One Great Workshop is a Live Project taken up by the MArch and MAAD students, alongside their mentors Julia and Renata, at the University of Sheffield. It looks at the history of energy and making in Sheffield with specific reference to the site, Portland Works, a Grade II* listed building situated in the heart of the city. The project aims to explore this former cutlery works, now providing affordable work spaces for the ‘makers’ within the city. The building was bought in 2013, saving it from a future deflecting from its industrial past. We are interested as to why this past and the culture of the ‘little mesters’ was so important to the people of Sheffield, and if the connection reaches even further afield. With the idea of ‘making’ again gaining in popularity – what can be done to preserve this culture for the future? We believe the answer relates strongly to energy use within the building, to not only preserve the existing structure, but to preserve the idea of making itself.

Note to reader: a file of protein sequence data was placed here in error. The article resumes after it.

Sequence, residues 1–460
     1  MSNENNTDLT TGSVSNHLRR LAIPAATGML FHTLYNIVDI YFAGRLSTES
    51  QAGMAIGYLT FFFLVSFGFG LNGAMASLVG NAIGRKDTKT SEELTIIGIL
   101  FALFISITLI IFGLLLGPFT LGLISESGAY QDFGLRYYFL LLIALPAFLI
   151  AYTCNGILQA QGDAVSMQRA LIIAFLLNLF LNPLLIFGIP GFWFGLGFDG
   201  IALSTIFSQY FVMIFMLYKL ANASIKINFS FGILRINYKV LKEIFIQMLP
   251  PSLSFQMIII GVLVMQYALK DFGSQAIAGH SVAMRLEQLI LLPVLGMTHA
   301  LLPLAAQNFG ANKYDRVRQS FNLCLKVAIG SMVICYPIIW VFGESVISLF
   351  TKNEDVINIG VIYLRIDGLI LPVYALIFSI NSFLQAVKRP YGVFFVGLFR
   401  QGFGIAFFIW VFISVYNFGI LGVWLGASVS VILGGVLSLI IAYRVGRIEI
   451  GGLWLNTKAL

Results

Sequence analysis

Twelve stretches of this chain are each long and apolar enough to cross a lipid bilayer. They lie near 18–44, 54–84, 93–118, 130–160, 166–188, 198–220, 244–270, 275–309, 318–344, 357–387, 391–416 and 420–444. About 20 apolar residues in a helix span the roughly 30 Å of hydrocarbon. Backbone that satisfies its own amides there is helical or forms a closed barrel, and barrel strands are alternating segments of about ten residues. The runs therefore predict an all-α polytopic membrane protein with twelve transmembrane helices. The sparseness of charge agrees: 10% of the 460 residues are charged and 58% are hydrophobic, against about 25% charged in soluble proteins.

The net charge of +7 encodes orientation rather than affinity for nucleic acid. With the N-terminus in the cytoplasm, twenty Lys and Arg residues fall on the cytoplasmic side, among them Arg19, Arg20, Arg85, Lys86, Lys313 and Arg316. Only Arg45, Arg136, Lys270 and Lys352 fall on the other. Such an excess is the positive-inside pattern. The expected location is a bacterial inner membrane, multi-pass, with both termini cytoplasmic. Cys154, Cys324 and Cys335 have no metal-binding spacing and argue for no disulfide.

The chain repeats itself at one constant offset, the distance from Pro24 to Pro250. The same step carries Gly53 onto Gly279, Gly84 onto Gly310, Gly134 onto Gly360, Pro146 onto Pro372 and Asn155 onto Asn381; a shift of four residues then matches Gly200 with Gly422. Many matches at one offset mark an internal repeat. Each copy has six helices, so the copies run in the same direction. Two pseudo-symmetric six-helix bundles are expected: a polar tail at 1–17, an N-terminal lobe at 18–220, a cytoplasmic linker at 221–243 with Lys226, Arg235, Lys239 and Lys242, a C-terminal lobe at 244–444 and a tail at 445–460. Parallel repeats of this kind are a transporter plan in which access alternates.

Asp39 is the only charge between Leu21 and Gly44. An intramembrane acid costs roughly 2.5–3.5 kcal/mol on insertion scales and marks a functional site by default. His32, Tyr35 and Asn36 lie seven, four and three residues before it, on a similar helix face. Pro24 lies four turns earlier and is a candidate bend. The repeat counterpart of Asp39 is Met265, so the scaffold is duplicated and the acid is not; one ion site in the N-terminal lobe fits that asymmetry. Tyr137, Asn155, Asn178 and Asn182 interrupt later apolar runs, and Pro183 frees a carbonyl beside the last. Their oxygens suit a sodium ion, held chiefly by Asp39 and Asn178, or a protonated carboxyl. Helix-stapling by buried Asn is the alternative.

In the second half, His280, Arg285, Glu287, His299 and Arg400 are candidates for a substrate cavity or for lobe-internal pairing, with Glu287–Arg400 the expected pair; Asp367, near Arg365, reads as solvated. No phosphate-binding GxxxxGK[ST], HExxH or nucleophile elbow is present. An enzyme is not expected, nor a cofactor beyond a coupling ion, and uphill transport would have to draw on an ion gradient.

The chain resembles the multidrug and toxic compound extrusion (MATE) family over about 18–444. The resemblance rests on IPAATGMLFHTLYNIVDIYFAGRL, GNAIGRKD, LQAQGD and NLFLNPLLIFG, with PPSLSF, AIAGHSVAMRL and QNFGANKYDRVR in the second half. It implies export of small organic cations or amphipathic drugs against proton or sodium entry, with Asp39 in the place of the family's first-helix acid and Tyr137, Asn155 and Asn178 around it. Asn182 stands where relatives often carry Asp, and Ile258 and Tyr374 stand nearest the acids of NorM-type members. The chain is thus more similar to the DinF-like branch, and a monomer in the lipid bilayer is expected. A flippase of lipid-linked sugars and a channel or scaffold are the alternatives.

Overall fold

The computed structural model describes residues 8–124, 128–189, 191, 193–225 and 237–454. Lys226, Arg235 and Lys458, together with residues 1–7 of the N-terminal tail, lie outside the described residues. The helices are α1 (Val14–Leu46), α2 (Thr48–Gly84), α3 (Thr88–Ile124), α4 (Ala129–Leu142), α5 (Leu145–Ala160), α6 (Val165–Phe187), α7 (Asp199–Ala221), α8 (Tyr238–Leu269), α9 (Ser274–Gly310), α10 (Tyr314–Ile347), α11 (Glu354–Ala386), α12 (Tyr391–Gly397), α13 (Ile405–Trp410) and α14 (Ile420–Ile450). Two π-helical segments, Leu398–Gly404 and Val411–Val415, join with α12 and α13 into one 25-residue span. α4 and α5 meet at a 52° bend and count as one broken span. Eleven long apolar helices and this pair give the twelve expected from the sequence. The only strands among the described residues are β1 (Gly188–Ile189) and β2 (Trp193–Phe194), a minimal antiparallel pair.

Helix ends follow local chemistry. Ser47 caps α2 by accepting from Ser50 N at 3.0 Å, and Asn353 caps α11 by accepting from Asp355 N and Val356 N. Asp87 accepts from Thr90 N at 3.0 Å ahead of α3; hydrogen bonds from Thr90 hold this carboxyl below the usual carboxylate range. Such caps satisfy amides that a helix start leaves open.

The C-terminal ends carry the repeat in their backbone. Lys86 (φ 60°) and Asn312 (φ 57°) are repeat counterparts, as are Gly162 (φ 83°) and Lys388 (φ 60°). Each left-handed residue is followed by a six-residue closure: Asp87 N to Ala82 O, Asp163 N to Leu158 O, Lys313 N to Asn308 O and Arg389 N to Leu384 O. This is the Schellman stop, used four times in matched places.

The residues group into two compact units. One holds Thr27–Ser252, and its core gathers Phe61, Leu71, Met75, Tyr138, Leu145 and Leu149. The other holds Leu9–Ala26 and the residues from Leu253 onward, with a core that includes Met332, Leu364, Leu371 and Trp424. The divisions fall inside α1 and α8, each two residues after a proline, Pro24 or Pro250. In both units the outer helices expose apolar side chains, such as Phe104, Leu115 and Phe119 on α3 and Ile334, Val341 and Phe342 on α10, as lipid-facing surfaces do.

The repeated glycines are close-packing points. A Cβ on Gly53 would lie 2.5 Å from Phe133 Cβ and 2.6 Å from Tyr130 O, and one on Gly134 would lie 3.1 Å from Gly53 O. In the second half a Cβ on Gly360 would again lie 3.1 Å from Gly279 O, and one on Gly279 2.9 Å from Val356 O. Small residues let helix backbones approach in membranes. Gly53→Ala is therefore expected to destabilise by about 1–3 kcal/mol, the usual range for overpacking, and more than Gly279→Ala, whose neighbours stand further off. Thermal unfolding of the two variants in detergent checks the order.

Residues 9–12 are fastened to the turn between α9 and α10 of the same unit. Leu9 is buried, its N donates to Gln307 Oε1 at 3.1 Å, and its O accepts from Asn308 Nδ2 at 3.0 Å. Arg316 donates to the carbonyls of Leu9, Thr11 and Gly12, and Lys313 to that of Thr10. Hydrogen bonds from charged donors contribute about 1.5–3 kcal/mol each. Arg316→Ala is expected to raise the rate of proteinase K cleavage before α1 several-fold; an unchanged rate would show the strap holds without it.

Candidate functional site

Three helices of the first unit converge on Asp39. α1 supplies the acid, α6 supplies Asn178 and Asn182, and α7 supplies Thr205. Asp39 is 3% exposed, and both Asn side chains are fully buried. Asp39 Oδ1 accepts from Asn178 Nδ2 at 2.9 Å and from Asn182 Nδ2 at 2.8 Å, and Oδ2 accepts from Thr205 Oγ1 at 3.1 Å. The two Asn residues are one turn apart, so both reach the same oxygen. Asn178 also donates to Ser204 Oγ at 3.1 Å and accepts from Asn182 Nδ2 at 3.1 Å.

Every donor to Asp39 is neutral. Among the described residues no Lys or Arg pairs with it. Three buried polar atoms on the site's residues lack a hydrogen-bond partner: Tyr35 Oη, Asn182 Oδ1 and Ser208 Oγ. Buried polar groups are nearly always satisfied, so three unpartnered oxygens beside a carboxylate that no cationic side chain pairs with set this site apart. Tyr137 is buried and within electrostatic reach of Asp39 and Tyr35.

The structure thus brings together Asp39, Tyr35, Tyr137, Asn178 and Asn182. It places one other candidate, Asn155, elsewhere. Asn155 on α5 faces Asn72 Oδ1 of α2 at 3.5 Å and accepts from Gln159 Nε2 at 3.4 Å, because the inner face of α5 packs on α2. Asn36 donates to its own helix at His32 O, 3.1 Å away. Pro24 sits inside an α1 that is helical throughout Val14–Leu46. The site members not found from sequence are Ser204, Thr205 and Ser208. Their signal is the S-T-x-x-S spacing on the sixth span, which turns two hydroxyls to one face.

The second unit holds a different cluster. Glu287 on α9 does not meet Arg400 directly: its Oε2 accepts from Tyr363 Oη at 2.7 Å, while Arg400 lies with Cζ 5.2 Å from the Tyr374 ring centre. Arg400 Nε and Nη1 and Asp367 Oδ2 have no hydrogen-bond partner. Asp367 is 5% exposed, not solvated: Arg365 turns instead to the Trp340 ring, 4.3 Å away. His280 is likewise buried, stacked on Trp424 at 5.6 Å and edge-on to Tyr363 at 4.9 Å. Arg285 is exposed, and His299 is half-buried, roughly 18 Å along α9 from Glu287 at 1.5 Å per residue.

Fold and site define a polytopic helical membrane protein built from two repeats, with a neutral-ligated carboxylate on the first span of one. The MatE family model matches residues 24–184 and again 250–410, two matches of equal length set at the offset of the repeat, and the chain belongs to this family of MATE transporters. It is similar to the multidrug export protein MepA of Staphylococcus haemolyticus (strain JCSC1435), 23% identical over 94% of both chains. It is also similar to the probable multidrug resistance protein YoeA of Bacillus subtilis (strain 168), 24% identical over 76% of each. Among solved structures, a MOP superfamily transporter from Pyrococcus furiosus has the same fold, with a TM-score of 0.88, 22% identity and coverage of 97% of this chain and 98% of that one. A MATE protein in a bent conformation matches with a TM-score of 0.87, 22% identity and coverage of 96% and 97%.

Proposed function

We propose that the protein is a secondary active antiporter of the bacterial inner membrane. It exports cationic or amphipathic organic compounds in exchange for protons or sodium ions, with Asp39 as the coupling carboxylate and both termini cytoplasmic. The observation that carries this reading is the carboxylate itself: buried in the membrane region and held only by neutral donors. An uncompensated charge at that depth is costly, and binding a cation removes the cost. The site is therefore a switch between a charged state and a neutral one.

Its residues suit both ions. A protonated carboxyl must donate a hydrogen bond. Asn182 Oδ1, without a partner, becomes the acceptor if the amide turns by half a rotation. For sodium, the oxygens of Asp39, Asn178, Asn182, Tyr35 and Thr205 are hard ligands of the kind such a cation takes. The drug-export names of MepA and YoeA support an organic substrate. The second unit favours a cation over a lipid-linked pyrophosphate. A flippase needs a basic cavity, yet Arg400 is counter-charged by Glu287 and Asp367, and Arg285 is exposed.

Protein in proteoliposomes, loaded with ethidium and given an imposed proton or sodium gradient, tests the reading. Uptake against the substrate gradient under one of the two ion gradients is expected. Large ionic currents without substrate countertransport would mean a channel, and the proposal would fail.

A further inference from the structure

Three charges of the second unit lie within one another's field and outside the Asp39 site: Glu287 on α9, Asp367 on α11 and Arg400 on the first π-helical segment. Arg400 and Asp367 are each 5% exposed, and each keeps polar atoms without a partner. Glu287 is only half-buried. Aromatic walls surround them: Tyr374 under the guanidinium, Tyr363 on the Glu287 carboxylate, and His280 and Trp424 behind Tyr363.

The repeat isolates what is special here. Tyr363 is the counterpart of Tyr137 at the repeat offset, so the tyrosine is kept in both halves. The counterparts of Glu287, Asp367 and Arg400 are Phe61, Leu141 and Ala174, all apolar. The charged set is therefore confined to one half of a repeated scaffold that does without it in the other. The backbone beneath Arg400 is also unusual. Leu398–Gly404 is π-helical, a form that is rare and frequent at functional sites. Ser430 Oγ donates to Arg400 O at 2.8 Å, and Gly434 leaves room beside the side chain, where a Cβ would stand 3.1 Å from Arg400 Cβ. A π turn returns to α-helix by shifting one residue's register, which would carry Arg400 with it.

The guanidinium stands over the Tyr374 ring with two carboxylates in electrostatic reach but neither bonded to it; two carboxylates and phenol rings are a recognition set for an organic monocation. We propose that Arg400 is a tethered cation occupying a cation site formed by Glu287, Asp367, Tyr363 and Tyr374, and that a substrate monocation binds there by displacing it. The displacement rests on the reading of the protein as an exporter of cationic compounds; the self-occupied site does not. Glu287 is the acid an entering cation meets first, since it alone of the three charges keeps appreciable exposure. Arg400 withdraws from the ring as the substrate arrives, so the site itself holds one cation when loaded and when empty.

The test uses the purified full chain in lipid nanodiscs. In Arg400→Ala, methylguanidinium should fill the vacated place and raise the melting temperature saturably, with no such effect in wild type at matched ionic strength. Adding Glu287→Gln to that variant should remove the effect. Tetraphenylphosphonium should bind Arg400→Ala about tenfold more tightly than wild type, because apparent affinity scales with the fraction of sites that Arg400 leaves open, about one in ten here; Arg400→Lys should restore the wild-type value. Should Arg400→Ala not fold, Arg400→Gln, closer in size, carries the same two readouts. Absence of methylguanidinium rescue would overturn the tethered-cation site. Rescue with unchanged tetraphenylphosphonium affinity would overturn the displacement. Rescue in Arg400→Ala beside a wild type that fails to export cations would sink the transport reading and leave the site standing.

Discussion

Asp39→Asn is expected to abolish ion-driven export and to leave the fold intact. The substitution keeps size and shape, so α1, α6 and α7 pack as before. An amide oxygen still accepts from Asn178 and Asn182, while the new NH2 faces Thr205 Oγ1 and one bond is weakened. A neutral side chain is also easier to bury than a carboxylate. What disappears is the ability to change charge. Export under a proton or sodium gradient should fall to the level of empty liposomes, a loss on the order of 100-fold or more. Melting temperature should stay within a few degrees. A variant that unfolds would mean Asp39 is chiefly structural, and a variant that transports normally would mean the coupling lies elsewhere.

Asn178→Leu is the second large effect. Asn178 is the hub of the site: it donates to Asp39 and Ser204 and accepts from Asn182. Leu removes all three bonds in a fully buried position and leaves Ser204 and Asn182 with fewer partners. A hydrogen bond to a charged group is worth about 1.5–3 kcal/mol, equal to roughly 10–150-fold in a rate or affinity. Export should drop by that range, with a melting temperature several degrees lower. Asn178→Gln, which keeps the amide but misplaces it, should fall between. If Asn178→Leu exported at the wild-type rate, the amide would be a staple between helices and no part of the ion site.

‘One Great Workshop’ was the name given to Sheffield in the 19th Century due to the network of factories in the city, alongside the tradition of ‘Little Mesters’. These specialist craftsmen occupied various departments across Sheffield, forming links in the chain – largely for the production of cutlery and edge tools. They, in turn, shaped the physical, social and economic landscape of the city. These Little Mesters can still be observed today, although their work has broadened, they still embrace the culture of making. We have gained an insight into their history, and helped to preserve their making industry.
When referring to the ‘Works’ we have visited or acknowledged, the definition is a place of work, employment or factory. This term is in common usage in the industrial centres of the UK.